Experts recommend a daily beta carotene intake of 18,000 mcg each day for males ages 14 and older and 14,000 for females in the same age group.

Vitamin C is an essential vitamin and antioxidant that may protect against asthma. Some experts have suggested using vitamin C supplements to treat asthma.

A cup of cantaloupe balls provides 65 mg of vitamin C. Current guidelines recommend that adult females consume 65–75 mg of vitamin C a day and that adult males consume 75–90 mg.

Also, people with asthma who received choline — another antioxidant in cantaloupe — as a treatment experienced a reduction in levels of inflammation, according to a 2010 study.

Most studies focus on antioxidant supplements, however, which provide much stronger doses than dietary sources of nutrients.

4. Blood pressure

The fiber, potassium, vitamin C, and choline in cantaloupe all support heart health.

Consuming foods rich in potassium can help decrease blood pressure. The American Heart Association (AHA) recommends that an average adult consume 4,700 mg of potassium a day to keep the cardiovascular system healthy.

A cup of cantaloupe provides around 473 mg of potassium or 10% of a person’s recommended daily intake.

5. Cancer

Beta carotene, tocopherol, and other antioxidants in cantaloupe may help prevent cell damage caused by oxidative stress.

There is evidence that taking supplements containing these and other antioxidants may reduce the risk of lung, prostate, and other types of cancer.

Dietary fiber also appears to offer protection from colorectal cancer. A cup of cantaloupe contains 1.6 g of fiber.

6. Digestion

Cantaloupe has high water content and provides fiber. Fiber and water can help prevent constipation, promoting regularity and a healthy digestive tract.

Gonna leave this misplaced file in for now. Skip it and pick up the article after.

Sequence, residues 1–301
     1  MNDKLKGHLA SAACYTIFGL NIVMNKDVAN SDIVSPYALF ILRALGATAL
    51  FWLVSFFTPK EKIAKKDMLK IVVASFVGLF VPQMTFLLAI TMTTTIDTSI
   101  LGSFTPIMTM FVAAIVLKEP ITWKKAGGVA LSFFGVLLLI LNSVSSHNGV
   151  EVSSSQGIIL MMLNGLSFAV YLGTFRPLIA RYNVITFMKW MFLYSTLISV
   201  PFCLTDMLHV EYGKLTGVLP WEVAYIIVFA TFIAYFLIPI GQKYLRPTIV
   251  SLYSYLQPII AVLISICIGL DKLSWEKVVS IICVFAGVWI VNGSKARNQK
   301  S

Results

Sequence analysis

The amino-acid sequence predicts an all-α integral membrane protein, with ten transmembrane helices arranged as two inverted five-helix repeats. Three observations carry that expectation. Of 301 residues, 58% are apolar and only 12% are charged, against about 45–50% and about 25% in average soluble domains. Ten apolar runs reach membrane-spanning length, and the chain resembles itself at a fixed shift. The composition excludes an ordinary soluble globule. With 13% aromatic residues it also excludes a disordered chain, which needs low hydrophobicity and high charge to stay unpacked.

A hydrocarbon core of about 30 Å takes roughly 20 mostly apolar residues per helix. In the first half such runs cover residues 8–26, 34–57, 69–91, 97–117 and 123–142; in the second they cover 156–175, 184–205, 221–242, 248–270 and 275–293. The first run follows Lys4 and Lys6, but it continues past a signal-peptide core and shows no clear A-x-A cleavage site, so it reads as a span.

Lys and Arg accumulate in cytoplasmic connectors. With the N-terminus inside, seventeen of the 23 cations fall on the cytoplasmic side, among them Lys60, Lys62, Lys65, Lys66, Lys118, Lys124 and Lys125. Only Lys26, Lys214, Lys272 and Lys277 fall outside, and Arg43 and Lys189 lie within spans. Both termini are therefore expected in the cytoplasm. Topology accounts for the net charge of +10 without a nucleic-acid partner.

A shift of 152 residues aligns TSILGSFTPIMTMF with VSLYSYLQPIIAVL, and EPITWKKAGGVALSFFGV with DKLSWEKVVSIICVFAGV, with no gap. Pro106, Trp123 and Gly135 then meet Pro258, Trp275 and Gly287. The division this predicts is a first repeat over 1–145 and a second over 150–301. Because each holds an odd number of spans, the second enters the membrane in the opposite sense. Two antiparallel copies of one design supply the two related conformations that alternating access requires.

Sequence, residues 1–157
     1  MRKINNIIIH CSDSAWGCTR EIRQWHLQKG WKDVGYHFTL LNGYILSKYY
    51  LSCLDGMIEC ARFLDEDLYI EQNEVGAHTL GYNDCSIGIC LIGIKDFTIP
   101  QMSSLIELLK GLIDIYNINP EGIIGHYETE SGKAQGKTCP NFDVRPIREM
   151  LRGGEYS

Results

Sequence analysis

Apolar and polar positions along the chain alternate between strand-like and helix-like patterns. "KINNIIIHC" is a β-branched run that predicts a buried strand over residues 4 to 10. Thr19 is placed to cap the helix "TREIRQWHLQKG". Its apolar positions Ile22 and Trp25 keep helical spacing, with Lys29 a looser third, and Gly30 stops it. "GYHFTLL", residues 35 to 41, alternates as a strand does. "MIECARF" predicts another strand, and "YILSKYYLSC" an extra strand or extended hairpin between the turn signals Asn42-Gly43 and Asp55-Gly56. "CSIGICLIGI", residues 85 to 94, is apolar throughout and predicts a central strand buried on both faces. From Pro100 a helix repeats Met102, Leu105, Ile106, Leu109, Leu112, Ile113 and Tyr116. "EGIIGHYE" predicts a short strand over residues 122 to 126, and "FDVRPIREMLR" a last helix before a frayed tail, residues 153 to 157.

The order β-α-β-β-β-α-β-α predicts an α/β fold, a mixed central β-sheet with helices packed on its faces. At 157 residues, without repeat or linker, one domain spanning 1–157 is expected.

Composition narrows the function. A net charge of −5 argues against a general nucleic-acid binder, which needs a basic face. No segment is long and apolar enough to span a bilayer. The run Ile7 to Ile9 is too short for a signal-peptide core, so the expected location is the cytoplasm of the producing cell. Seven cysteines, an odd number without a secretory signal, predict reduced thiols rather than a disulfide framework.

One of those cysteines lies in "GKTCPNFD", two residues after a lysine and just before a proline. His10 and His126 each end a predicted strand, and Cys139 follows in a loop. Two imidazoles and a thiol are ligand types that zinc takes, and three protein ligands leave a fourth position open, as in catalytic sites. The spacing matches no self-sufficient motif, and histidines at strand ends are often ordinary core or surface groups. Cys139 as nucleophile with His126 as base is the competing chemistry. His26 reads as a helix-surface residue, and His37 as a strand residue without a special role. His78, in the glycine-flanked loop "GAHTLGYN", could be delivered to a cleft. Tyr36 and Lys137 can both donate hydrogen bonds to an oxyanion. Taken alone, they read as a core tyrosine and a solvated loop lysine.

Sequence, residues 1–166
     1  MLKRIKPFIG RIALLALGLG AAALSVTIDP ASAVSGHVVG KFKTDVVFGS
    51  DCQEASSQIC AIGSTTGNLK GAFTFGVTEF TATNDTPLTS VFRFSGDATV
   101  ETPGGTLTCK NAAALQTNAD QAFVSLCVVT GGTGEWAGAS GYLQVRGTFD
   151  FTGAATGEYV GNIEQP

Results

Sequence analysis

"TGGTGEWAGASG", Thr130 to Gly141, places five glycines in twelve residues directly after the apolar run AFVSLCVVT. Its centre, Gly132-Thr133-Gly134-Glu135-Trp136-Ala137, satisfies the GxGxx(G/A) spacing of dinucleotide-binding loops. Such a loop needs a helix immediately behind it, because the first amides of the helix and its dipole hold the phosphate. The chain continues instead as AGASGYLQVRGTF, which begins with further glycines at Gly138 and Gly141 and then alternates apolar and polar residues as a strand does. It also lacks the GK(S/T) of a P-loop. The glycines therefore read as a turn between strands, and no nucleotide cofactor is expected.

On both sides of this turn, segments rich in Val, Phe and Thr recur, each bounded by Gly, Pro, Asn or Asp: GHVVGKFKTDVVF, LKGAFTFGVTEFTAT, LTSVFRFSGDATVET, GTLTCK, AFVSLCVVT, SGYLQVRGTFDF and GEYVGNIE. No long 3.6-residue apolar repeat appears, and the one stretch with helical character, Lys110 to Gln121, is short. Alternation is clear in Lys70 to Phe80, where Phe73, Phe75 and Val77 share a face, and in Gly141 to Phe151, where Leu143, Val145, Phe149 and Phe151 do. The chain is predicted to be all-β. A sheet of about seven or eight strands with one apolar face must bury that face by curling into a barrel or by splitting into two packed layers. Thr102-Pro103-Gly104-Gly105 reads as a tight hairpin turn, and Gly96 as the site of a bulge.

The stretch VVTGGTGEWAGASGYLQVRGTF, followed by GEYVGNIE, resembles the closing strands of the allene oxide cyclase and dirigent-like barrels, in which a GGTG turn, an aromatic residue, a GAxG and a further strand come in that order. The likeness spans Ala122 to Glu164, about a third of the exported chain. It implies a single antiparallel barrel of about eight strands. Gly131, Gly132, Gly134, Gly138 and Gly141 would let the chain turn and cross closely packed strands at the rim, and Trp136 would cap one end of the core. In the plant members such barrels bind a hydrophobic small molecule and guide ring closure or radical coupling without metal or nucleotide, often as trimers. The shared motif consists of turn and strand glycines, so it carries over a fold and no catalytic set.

7. Hydrates you.

Cantaloupes are filled with electrolytes. These minerals balance body fluids in your body and keep it working right. That helps you stay hydrated and full of energy.

With its high water and electrolyte contents, cantaloupe is a good choice for boosting hydration during hot summer months or after a workout.

A 177-gram cup of cantaloupe balls contains 160 g of water.

Examples of electrolytes in cantaloupe include sodium, potassium, calcium, and magnesium

8. Low in carbs.

Cantaloupes are 90% water. That’s almost as juicy as a watermelon. The high amount of liquid content gives cantaloupes a low glycemic load score of 4. That means your body digests it slowly and it won’t make your blood sugar spike. So it’s a great pick for people with diabetes.

9. Low in sugar.

Therefore, eating cantaloupes in their whole food form is very recommendable for both diabetics and those at risk of developing diabetes.

10. May help fight diseases.

Compounds called phytonutrients in cantaloupes give it anti-inflammatory properties. It’s a good part of a healthy diet.

11. Skin and hair

Vitamin A contributes to the growth and maintenance of all tissues in the body, including those in the skin and hair.

Vitamin C enables the body to produce collagen, which provides structure to cells, skin, and hair.

A 2019 review found that a range of minerals and vitamins may play a role in promoting hair growth and preventing hair loss.